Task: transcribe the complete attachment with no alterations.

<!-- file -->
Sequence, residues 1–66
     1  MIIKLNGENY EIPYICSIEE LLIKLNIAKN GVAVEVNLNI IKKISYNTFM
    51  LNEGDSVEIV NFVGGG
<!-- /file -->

Sequence, residues 1–66
     1  MIIKLNGENY EIPYICSIEE LLIKLNIAKN GVAVEVNLNI IKKISYNTFM
    51  LNEGDSVEIV NFVGGG